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Rocking the ClassicsEnglish Progressive Rock and the Counterculture$
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Edward Macan

Print publication date: 1997

Print ISBN-13: 9780195098884

Published to Oxford Scholarship Online: October 2011

DOI: 10.1093/acprof:oso/9780195098884.001.0001

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PRINTED FROM OXFORD SCHOLARSHIP ONLINE (oxford.universitypressscholarship.com). (c) Copyright Oxford University Press, 2022. All Rights Reserved. An individual user may print out a PDF of a single chapter of a monograph in OSO for personal use.date: 27 January 2022

Progressive Rock After 1976

Progressive Rock After 1976

Chapter:
(p.179) 9 Progressive Rock After 1976
Source:
Rocking the Classics
Author(s):

Edward Macan

Publisher:
Oxford University Press
DOI:10.1093/acprof:oso/9780195098884.003.0010

The history of progressive rock since 1976 can be divided into two distinct periods. The period from 1976 to 1981 or 1982 was marked by the fragmentation of the genre into simpler, more commercially mainstream subgenres such as American stadium rock and British symphonic pop, as well as a noticeable decline in the creativity of the major progressive rock bands. It was also during this period that progressive rock lost its mainstream commercial viability. The period from the early 1980s on has witnessed three major tendencies. The first involves the major bands of the 1960s and 1970s; most have continued to achieve at least some measure of commercial success, but their challenge has been to avoid crass commercialization on the one hand and an endless restatement of past triumphs on the other. Second, the early 1980s witnessed the rise of the neo-progressive movement. Finally, a number of new bands have cultivated what might be termed a post-progressive style.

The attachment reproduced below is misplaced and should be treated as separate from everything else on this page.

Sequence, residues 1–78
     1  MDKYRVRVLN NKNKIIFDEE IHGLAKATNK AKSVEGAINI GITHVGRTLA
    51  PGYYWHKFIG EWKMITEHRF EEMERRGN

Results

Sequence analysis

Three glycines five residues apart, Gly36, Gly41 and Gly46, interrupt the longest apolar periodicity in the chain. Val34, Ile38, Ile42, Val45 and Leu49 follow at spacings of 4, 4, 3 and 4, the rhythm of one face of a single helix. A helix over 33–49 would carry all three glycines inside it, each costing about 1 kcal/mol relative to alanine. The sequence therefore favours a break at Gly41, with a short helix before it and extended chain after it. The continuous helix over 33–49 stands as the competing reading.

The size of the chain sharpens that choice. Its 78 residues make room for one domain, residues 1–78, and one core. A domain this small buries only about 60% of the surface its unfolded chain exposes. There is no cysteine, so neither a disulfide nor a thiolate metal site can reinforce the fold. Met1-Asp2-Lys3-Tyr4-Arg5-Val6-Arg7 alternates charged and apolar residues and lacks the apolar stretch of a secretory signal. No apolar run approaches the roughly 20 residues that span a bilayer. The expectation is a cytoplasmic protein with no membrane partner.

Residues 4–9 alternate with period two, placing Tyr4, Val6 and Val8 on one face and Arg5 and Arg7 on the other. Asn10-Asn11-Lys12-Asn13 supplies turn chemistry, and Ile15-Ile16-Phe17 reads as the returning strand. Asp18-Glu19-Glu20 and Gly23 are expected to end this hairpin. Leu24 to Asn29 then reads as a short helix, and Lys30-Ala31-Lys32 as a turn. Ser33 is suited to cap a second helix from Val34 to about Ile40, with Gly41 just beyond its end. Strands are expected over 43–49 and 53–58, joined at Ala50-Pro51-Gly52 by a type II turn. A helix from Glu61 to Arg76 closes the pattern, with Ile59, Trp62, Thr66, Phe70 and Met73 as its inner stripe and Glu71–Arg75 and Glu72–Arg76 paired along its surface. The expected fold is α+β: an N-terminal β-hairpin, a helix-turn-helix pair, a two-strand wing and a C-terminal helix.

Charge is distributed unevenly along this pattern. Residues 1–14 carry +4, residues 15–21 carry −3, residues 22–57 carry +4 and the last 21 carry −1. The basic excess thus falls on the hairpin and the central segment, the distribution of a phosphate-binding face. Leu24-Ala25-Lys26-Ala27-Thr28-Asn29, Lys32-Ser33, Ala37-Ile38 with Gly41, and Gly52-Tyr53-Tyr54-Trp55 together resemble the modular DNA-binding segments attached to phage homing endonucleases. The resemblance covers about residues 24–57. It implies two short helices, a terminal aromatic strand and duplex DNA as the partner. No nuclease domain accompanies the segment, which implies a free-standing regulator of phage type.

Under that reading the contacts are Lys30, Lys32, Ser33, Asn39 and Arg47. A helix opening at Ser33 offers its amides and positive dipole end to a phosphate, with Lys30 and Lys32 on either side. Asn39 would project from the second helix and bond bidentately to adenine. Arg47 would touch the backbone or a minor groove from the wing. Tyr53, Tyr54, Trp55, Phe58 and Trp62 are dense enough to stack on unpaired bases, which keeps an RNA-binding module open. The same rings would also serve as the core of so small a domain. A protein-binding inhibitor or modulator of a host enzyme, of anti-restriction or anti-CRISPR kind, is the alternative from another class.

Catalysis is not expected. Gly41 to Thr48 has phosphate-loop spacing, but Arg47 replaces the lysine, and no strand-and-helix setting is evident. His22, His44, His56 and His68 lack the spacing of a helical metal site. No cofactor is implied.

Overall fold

Keywords:   progressive rock, mainstream subgenres, stadium rock, symphonic pop, neo-progressive movement, post-progressive style, bands, crass commercialism

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